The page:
Of course he was ahead, because he didnt brake to take the chicane legally. Its very easy to get ahead of people when you can miss corners. Too many people around here simply dont understand racing.

#510 MikeTekRacing

MikeTekRacing
  • Member

  • 5,775 posts
  • Joined: October 04

Posted 23 June 2008 - 08:44

Originally posted by Melbourne Park


I didn't see it properly, but if your on the outside of the corner, you will have to corner slower, so if you step across the car behind, he might hit you. Also even if you are not clear in front does not mean that you are behind. Cars run wide lots of the time too, especially since TC has gone. From the sound of it with TC, Hamilton would not have lost his rear end and thereby got around cleanly?

I have not see it from above, only from the TV view, which was not clear enough to prove either way. No doubt the stewards had those overhead shots.

he looked to be understeering more than oversteering at first..he was way too fast to make the turn

#511 Blueray

Blueray
  • Member

  • 407 posts
  • Joined: April 08

Posted 23 June 2008 - 08:44

Originally posted by Melbourne Park


I didn't see it properly, but if your on the outside of the corner, you will have to corner slower, so if you step across the car behind, he might hit you. Also even if you are not clear in front does not mean that you are behind. Cars run wide lots of the time too, especially since TC has gone. From the sound of it with TC, Hamilton would not have lost his rear end and thereby got around cleanly?

I have not see it from above, only from the TV view, which was not clear enough to prove either way. No doubt the stewards had those overhead shots.


There is no need for over head shots. Its clear from onboard that Hamilton completed the pass by missing the chicane. I cant see whats hard to understand here. Arguing whethere he was 'ahead' is irrelevant and just a diversion, a red herring, because even if he was it was only because he braked too late to take the chicane legally.

#512 bond

bond
  • Member

  • 2,554 posts
  • Joined: October 07

Posted 23 June 2008 - 08:46

Originally posted by Blueray


Of course he was ahead, because he didnt brake to take the chicane legally. Its very easy to get ahead of people when you can miss corners. Too many people around here simply dont understand racing.


Haaa now you say he was ahead ... :lol:

Before the picture you said he hadn't passed vettel:

"Originally posted by Ricardo F1
Why? He passed Vettel before the corner. .
--------------------------------------------------------------------------------

No he hadnt.. He was slightly ahead because he didnt brake to take the chicane but the pass was not able to be completed without missing the chicane and thats cheating. Take off your fan boy glasses.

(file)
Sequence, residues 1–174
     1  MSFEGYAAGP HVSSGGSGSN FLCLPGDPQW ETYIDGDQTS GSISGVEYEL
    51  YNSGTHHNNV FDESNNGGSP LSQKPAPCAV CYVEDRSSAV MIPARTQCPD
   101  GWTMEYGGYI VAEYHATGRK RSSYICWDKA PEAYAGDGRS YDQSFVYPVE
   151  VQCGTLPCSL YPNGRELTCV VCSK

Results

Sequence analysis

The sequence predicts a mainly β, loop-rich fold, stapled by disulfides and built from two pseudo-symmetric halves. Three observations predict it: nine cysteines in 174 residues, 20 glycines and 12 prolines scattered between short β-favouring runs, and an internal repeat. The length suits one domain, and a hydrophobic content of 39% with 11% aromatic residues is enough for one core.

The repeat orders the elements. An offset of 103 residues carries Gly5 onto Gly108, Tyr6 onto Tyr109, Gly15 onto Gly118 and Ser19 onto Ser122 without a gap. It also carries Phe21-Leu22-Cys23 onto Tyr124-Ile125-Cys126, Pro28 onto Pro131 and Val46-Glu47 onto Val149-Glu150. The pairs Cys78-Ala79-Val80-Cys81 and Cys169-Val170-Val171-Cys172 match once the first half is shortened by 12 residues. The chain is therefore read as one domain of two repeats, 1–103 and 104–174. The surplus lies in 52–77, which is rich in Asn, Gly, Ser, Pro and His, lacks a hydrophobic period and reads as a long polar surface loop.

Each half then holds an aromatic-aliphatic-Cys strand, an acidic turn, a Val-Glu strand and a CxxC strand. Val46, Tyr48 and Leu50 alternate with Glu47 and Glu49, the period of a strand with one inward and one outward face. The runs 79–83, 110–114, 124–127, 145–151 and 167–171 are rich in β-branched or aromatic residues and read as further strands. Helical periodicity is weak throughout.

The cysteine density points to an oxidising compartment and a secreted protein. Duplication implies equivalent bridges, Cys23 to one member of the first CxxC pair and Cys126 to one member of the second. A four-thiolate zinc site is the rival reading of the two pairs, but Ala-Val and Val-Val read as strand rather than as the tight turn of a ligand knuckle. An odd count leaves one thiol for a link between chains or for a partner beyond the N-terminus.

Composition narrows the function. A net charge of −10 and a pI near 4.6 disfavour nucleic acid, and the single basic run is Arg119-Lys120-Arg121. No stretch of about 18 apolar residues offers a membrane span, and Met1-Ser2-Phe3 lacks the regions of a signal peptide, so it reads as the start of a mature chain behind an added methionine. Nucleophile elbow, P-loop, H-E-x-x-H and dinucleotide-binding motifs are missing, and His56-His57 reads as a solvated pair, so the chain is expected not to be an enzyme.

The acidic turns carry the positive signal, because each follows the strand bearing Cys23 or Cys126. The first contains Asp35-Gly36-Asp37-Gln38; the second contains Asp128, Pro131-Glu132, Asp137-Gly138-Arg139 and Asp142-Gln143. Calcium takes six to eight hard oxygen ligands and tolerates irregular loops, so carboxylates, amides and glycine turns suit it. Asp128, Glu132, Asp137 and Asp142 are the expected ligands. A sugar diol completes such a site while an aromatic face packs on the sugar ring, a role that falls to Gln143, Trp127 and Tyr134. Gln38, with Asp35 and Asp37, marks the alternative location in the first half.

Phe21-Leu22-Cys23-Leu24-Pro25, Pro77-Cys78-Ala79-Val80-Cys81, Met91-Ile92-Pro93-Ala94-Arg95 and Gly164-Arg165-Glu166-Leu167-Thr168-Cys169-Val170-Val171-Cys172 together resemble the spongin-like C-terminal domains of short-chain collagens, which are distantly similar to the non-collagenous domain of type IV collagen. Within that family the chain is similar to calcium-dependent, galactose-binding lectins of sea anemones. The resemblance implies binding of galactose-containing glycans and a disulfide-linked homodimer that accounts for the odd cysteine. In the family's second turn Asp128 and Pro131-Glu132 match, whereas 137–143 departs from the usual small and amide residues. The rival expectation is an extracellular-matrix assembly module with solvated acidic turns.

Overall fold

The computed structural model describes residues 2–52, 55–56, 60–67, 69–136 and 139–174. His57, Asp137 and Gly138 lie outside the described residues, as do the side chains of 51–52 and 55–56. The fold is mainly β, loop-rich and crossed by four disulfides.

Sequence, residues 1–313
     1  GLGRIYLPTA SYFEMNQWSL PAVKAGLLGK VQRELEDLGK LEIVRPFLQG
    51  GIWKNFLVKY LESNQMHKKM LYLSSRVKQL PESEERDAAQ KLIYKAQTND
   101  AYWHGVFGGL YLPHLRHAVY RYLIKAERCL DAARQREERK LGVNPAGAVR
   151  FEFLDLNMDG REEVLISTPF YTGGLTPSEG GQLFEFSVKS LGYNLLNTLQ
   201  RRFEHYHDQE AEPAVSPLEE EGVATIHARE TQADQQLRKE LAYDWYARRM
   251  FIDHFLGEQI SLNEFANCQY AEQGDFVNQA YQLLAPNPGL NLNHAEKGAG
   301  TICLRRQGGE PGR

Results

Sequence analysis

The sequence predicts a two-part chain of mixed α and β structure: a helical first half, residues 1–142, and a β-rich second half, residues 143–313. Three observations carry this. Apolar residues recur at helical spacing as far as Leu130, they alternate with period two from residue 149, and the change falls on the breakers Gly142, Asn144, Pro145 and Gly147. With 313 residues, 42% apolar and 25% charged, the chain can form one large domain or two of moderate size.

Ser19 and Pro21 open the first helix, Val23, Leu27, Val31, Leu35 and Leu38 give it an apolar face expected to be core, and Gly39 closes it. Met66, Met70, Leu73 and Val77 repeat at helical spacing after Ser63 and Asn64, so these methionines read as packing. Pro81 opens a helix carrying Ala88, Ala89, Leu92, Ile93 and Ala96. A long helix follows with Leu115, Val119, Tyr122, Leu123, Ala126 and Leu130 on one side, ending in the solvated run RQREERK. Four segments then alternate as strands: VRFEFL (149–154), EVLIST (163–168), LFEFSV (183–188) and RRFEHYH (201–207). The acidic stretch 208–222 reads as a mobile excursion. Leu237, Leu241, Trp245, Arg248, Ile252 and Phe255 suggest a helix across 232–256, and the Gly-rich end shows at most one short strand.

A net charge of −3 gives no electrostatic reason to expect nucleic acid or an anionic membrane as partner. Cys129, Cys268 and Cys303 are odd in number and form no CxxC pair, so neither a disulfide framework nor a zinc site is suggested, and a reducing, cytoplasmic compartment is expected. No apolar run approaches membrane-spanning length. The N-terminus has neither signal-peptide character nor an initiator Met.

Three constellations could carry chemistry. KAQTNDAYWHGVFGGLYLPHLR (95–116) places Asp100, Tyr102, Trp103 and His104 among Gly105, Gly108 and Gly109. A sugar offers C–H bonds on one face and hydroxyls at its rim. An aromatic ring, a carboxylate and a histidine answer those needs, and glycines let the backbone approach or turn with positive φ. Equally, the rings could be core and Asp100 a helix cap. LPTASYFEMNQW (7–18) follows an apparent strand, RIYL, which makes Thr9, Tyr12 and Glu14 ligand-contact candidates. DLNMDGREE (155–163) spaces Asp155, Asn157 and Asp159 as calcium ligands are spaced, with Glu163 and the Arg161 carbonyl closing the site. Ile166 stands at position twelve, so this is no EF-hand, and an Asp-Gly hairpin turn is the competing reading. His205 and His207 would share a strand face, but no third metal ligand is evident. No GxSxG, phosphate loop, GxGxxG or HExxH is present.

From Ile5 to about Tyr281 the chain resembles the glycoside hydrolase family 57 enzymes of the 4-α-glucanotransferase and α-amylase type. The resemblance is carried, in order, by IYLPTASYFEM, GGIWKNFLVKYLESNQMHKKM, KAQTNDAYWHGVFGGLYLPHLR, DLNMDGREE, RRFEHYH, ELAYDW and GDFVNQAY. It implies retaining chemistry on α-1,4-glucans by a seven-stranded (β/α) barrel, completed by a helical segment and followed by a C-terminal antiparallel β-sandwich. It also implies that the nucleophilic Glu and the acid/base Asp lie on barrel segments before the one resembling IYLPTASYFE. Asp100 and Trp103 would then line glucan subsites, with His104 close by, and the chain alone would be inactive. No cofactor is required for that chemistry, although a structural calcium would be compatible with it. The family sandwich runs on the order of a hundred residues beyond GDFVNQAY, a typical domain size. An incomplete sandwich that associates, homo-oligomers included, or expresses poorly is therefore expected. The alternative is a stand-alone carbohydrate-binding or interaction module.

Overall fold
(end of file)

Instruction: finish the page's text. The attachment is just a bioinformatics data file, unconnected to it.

Right...

#513 emburmak

emburmak
  • Member

  • 2,353 posts
  • Joined: November 05

Posted 23 June 2008 - 08:52

Originally posted by airwise


That Kimi never was a patch on MS.



And they would not be wrong! :lol:

#514 Blueray

Blueray
  • Member

  • 407 posts
  • Joined: April 08

Posted 23 June 2008 - 08:57

Originally posted by bond


Haaa now you say he was ahead ... :lol:

Before the picture you said he hadn't passed vettel:

"Originally posted by Ricardo F1
Why? He passed Vettel before the corner. .
--------------------------------------------------------------------------------

No he hadnt.. He was slightly ahead because he didnt brake to take the chicane but the pass was not able to be completed without missing the chicane and thats cheating. Take off your fan boy glasses.


Right...


Your problem is that you dont understand the most basic things about racing. Waste of time arguing with you.

#515 airwise

airwise
  • Member

  • 2,001 posts
  • Joined: March 05

Posted 23 June 2008 - 09:00

Of course the Stewards could have avoided all this by simply telling Mclaren "cede the place or take a stop go". But instead they deliberate for 10 laps then decide to hand out a penalty totally disproportionate to the offence and without the option to appeal.

The rules of F1 are an arse currently - completely missing the point of just how difficult the latest F1 cars are to control on the limit. Sit back. Don't try anything risky and pick up the points. Drive at 90% for the duration. I noticed Wurz on TV commenting that the stewards had missed the point in Canada that the drivers were at their mental limits with the amount of input required at that stage in modern F1 cars. Here they are missing the point that virtually no one has managed an overtake this season without someone going off circuit or locking all wheels. It's bloody difficult with these stupid cars. Give the drivers a bit of leeway FFS. Anyone want to see racing or would you prefer FIA controlled processions. Let's have the stewards from Fuji last year - that last lap was pure entertainment.